I think it also makes it so much harder because we really do love everything about books - Book release days are like a holiday for me - and that moment when you open a much anticipated book? One by an author who is incredible both as person and as an author? So much pressure! It really is wonderful when you love the books...less so when the book fails to meet expectations. Awesome topic though, can't wait for the next one!

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  8. i agree with twitter and friendships it makes it harder

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  9. it happened with me once. i got to know a author a little and then didn't love the book as much. really sucked writing that review, believe me. i've never been all that social though. especially when it comes to authors. it's a line i'm weary to cross. if i really love someones work, like melina marchetta or cath crawley then i have no prob in throwing a gushing tweet here and there. but i still keep it to a minimum. just how i prefer it :) i'm a reviewer first and i don't like feeling guilty about being honest.

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    1. I don't consider socializing with authors on Twitter as friendships (it feels like it sometimes but it's not the same) but it can blur the lines if they are super nice. It can feel like kicking a puppy to say something negative lol
      I have one or two author friends but not because they're authors if that makes sense. They are good people who happen to be authors. I take them as I would any other person I would meet. You have to be a good person that I can discuss other things with....not just your books.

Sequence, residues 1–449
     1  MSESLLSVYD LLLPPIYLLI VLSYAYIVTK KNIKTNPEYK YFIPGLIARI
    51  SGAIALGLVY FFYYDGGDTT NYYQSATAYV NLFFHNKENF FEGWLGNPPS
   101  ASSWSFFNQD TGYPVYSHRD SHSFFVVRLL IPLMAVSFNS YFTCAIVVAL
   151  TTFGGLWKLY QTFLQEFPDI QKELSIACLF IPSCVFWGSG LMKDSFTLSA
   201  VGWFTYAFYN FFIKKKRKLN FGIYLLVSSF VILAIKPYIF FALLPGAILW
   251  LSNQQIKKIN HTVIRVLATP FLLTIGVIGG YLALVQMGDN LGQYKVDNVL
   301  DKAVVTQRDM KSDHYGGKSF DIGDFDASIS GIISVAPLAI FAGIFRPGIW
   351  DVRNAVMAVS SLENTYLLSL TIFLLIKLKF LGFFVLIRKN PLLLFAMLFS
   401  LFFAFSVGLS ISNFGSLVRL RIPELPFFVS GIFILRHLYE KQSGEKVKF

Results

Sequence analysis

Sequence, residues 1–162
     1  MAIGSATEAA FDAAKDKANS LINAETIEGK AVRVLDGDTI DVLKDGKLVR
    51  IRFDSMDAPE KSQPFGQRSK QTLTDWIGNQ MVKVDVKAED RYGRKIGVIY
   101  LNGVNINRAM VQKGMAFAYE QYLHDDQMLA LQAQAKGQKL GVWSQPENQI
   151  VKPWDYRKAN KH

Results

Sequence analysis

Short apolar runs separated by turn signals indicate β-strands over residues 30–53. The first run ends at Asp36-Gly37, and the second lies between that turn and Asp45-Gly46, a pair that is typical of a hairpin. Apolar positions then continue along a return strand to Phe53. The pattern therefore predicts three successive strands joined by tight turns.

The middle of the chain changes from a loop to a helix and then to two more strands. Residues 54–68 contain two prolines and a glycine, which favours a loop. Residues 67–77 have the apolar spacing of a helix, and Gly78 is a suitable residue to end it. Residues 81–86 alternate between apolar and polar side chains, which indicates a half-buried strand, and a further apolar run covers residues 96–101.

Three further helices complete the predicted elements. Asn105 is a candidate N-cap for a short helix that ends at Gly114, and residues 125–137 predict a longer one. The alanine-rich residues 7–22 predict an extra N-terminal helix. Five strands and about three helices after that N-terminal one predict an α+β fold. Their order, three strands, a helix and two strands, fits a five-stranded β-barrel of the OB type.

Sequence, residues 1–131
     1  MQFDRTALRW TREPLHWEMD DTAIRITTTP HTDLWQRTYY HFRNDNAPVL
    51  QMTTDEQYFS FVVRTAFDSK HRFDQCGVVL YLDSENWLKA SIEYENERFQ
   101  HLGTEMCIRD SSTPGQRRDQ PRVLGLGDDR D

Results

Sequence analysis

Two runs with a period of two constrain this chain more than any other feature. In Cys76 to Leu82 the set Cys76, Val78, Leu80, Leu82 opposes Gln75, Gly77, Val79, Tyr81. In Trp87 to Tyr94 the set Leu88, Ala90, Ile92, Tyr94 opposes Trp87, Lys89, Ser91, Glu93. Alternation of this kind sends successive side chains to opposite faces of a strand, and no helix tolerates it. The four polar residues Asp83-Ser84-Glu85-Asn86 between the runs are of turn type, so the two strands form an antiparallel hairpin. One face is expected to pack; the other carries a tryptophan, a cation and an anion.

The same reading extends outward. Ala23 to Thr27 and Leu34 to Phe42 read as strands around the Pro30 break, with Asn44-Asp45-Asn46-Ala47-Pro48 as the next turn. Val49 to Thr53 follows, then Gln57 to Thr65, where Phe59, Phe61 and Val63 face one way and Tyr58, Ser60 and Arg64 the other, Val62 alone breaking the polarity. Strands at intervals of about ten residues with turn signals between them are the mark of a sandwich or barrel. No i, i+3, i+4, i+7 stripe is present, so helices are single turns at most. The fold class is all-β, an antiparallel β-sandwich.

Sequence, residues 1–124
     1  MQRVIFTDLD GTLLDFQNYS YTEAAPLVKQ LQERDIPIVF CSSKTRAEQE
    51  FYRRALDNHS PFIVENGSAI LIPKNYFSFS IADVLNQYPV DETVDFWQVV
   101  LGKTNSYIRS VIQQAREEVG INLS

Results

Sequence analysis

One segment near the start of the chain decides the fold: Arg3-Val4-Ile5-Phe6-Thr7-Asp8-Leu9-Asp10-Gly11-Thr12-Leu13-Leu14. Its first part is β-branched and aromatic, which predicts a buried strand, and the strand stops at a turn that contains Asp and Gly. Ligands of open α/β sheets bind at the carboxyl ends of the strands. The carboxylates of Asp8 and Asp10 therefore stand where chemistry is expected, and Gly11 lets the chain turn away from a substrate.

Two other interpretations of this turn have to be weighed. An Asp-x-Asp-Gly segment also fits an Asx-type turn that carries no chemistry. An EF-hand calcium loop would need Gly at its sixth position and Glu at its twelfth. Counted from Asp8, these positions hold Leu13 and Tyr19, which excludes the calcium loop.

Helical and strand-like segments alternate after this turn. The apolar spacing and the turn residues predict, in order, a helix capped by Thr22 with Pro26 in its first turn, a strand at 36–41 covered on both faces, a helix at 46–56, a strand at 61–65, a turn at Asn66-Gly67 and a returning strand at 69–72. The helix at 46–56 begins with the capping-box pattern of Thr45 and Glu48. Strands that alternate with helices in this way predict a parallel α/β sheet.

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  10. I use to the same thing and tweet when I started reading @ing the author. Now, I don't. haha I got burned the same way and even though it seems obvious, I didn't think about NOT liking a book. I also now only follow authors I know their work or come highly recommended. I still don't tweet I'm starting their book though. :D I do learn from my past.

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  11. Yes, I've been lucky in that I haven't had any awful negative interactions based on a review. I think you're right that most authors understand that not everyone can like their book and take the bad with the good reviews. It's the few bad eggs that draw all of the attention, unfortunately.

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  12. "Me at page 10 - "this book is so much fun!" Author "Oh thank you so much. I'm so glad you love it. This book is putting my daughter through college. - You have a great blog - Can't wait to read your review….etc" Me at page 54 - , "um….this book sucks now - sorry.""

    This made me snort:) I've learned not to say anything until I've finished a book either, it's just easier for me to wait and stew on the book for a while before I give an opinion, even if that opinion is only in tweet form. I've been out of the loop on this feature, can't wait to see what some of the other topics are!

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  13. Oh yes! So true! I usually don't even tweet that I'm reading or loving a book until I am well into it, just for that reason. And I agree with Logan, it's a few bad eggs that get remembered.

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  14. Great post, and well thought out.
    I do interact with authors, but its usually after I've read and reviewed.